What is the Kingdom of God?
The beauty of the central image of Jesus’ ministry on earth
Life in Christ comes with its own lexicon—words that pertain to the many truths and practices of our faith. Yet we use these terms so frequently and with such familiarity that we run the risk of mindlessly speaking them without meaning or conviction. In this ongoing column, we hope to reclaim the heart of our Christian vocabulary, which holds such life-giving potential.
–The In Touch Staff
“Our Father who is in heaven . . .”
So begins Jesus’ revolutionary prayer in Matthew 6:9-13. “Your kingdom come. Your will be done, on earth as it is in heaven.” When Jesus modeled how to pray in this fashion, He was teaching His disciples—and us—about the new reality He came to make possible. Not only could we approach God as our loving Father, but we could also invite His “kingdom” to take root in our world.
The term itself is testament to God’s redemptive ways. He never intended that His people would be governed by an earthly king (1 Samuel 8:1-22). Yet prophecies speak of the coming Messiah as the true king who would redeem the broken world. In bringing His own kingdom to earth, He would rescue the very people who had once rejected Him (Isa. 9:2-7). Forgiveness, healing, restoration—everything that characterized Jesus’ ministry on earth—were signs that light had come to the world and would defeat the darkness of sin for all time (John 1:4-5, John 1:9).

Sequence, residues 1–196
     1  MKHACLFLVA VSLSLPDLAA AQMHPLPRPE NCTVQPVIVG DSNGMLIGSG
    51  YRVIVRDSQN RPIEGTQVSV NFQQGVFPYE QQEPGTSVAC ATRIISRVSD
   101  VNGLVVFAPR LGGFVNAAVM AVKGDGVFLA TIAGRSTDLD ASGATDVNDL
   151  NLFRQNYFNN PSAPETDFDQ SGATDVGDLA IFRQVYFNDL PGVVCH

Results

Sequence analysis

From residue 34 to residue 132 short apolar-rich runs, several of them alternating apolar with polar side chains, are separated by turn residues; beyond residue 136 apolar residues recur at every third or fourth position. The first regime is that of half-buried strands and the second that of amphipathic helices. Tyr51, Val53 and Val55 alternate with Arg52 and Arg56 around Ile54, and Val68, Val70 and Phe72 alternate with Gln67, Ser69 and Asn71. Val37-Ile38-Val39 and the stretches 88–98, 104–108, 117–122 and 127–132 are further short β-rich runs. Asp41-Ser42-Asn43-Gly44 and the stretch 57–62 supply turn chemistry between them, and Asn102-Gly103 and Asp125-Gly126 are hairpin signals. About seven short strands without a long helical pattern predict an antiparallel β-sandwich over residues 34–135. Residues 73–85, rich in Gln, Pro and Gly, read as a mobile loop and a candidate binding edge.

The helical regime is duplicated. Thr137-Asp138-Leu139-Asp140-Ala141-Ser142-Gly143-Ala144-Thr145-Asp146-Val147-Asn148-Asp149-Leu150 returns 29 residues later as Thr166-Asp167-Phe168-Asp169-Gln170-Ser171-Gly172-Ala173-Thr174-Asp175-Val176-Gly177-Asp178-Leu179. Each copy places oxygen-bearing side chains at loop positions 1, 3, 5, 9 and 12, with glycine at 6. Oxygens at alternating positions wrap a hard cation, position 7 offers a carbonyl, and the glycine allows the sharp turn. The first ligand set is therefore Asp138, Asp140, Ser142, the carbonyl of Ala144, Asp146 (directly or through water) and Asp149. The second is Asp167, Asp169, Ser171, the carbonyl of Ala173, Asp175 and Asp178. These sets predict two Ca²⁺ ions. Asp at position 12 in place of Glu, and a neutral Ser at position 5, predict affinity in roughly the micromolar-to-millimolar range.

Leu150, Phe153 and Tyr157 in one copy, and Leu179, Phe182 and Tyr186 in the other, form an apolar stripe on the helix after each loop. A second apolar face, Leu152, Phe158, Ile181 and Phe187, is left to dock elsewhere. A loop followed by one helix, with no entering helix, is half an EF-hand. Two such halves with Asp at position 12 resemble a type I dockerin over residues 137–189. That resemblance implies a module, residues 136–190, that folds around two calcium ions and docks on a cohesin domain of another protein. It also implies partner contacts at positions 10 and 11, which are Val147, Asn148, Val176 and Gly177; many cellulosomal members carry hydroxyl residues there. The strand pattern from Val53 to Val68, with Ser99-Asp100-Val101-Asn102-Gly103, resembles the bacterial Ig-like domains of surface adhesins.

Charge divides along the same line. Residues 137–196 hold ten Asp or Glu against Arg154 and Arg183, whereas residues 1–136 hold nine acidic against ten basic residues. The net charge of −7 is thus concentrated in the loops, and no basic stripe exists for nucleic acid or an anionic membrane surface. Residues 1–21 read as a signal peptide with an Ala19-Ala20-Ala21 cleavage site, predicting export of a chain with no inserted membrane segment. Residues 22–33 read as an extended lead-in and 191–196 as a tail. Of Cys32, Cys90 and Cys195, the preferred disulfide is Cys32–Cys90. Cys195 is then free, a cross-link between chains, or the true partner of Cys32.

The kingdom of God became the central image Jesus used to illustrate what His ministry on earth was about. The “way” that He taught was, and is, so different from the world’s way of thinking that it’s impossible to live out unless one first belongs to His kingdom. According to Jesus, “entering the kingdom of God” went beyond “getting into heaven.” His focus was always now, and how the present is connected with the eternal.
In what seems to be a paradoxical statement, the Lord said that His kingdom isn’t of this world (John 18:36) and yet is in the world; that it is coming and is already here (Luke 17:21). He taught that the state of your heart and relationship with Him impacts whether or not you are able enter the kingdom. In fact, to do so, you need to change and become like a little child (Matt. 18:3).
The Gospels are full of Christ’s teachings and parables about seeking and finding the kingdom, life in the kingdom, the value of the kingdom. And while His followers initially misunderstood His intentions and desired a political Messiah, the early church was later founded upon this revolutionary way of seeing life on earth: the kingdom of God impacts everything. And embracing that perspective enables us to live in a way that will echo into eternity.
The kingdom of God is His presence and what He is doing now, as well as the culmination of all that we’re waiting to see take place. It belongs solely to Him, but He’s graciously invited us to take part in it each day—not just as His servants, but as His friends, as part of His family, and as co-laborers on mission with Him.